U.S. base in Afghanistan hit by rocket fire as troops begin withdrawal

U.S. base in Afghanistan hit by rocket fire as troops begin withdrawal

Washington Times

A key airbase in Kandahar, Afghanistan, was hit by rockets Saturday, prompting American forces to fire back with a “precision strike” that could be a preview of further violence over the next several months as the Taliban vows to resume attacks on U.S. troops.

The rocket fire that hit Kandahar base came just hours after the original May 1 deadline for U.S. withdrawal from Afghanistan passed.

President Biden has ordered the roughly 3,500 American forces out of Afghanistan by September, but he disregarded the May 1 date laid out in a deal struck last year between former President Trump and the Taliban.

The Pentagon did not explicitly say that the Taliban was responsible for the rocket fire that struck Kandahar, but the insurgent group has repeatedly warned that U.S. bases and personnel will be targeted after May 1.

”Kandahar Airfield received ineffective indirect fire this afternoon; no injury to personnel or damage to equipment,” Col. Sonny Leggett, spokesperson for U.S. Forces Afghanistan, said in a Twitter post Saturday.

“U.S. forces conducted a precision strike this evening, destroying additional rockets aimed at the airfield.”

The U.S. has deployed additional military personnel and equipment to the region to protect the troops leaving Afghanistan. In addition to the nearly 3,500 American forces exiting, another 10,000 NATO troops also will leave the country after nearly two decades of war.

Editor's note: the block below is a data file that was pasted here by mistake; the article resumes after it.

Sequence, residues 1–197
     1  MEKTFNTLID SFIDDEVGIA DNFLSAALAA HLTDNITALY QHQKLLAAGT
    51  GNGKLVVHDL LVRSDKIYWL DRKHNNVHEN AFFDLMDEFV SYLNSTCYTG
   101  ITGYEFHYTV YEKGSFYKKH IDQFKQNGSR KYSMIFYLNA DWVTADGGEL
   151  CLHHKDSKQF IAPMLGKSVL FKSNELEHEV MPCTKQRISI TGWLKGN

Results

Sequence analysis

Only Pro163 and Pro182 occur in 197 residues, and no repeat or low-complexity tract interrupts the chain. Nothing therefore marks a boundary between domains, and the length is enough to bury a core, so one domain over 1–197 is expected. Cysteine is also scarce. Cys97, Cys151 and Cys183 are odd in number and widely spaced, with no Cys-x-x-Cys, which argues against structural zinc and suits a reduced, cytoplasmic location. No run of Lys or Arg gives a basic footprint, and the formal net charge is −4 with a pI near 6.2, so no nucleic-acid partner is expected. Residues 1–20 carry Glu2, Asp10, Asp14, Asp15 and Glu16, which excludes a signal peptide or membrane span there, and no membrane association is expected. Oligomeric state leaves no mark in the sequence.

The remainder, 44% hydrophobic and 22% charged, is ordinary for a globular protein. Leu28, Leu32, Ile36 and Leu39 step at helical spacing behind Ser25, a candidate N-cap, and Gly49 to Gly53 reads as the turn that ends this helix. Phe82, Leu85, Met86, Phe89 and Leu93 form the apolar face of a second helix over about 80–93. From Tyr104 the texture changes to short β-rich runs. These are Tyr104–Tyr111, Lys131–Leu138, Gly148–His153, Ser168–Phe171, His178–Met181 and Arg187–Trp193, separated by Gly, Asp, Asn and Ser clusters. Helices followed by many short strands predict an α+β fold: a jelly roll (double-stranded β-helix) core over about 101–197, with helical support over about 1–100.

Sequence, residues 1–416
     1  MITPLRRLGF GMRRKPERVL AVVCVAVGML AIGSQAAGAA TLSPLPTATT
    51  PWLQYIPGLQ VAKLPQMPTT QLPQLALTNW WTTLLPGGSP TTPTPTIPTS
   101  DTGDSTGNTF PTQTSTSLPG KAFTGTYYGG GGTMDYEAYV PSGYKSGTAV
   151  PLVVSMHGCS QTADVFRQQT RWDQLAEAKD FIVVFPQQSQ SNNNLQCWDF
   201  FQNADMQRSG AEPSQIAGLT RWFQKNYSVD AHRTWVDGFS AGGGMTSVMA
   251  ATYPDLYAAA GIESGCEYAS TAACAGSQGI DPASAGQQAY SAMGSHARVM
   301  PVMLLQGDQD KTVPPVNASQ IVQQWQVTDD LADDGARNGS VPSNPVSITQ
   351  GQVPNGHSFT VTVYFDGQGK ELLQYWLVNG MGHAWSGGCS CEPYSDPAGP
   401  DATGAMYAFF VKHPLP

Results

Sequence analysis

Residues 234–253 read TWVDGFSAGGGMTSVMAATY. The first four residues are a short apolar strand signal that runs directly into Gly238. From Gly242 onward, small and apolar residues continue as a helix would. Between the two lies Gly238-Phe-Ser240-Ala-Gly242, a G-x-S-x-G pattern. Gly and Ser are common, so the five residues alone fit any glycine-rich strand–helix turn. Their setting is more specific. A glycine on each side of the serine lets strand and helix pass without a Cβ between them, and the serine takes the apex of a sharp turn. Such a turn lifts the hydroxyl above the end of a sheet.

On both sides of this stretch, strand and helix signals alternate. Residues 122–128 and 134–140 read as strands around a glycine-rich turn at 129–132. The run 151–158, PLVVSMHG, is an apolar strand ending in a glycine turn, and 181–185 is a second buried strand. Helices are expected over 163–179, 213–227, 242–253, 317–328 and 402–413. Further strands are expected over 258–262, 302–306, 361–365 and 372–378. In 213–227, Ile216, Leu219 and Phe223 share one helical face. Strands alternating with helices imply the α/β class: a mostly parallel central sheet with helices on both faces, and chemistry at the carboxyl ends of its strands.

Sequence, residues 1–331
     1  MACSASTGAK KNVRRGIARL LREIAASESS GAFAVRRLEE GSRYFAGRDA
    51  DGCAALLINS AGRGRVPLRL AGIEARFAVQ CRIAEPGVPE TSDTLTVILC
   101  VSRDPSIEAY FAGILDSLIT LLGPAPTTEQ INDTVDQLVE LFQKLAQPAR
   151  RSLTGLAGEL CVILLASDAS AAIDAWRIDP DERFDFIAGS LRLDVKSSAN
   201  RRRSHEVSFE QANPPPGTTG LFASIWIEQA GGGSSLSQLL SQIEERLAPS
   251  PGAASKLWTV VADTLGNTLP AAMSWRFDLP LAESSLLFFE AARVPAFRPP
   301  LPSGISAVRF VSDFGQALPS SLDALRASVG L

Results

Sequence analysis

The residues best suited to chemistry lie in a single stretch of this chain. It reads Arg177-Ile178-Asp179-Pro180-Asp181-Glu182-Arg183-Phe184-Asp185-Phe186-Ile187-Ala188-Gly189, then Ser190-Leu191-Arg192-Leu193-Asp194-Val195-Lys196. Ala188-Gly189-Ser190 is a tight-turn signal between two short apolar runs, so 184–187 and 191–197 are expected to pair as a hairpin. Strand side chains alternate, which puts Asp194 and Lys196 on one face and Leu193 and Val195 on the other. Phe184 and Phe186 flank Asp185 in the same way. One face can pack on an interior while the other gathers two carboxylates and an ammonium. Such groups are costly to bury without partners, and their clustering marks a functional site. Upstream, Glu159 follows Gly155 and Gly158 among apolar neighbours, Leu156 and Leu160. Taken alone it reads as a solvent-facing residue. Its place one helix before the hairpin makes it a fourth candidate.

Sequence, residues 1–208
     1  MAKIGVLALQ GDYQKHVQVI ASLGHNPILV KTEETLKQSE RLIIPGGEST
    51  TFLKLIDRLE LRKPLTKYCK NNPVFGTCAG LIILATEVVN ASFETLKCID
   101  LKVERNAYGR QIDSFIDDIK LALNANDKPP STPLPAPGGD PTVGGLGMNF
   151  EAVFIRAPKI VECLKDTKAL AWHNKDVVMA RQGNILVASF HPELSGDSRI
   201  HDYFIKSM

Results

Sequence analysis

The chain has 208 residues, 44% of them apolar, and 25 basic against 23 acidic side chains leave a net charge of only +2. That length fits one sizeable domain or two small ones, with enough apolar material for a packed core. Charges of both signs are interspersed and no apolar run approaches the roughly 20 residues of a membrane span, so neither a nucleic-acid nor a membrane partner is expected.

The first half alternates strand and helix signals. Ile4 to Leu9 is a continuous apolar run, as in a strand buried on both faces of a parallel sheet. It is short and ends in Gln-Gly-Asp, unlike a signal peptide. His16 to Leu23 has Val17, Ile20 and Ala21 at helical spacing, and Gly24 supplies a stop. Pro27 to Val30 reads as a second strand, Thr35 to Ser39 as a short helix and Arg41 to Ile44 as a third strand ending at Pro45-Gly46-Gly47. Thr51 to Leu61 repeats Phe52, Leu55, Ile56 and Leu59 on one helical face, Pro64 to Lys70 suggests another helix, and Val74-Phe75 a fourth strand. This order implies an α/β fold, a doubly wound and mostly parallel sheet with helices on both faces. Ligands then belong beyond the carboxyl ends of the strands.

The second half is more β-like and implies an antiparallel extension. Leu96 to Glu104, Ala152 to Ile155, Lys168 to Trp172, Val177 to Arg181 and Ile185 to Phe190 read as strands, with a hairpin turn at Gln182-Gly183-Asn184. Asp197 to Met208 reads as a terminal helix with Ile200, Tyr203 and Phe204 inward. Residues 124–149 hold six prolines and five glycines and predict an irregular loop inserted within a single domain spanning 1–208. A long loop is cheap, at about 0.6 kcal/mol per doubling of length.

Mr. Biden and military leaders have vowed to retaliate if the Taliban targets U.S. forces as they withdraw.

”A return to violence would be one senseless and tragic. But make no mistake, we have the military means to respond forcefully to any type of attacks against the coalition and the military means to support the Afgan security forces,” said Gen. Austin “Scott” Miller, the commander of NATO’s Resolute Support mission in Afghanistan. “That would be a mistake to move in that direction.”

Meanwhile, the Taliban over the weekend claimed to have overrun an Afghan military base in Ghazni province in the southeastern part of the country. Afghan officials told Voice of America that the insurgent group had taken control of the base.

A Taliban spokesperson said at least 17 Afghan soldiers had been killed and another 25 taken prisoner, but those figures were not immediately confirmed by the Afghan government. Critics of the Afghan withdrawal fear such incidents will become commonplace as the U.S. and NATO leave the country.

They warn that the Taliban could quickly overpower Afghan security forces and could potentially overrun the nation’s capital, Kabul.

Against the recommendations of some top military commanders, Mr. Biden has stuck by his decision to withdraw.

”Today we have service members serving in the same warzone as their parents once did. We have service members in Afghanistan who were not yet born on 9/11,” the president told a joint session of Congress last week. “War in Afghanistan was never meant to be a multi-generational undertaking of nation-building.”

This Story First Appeared At The Washington Times

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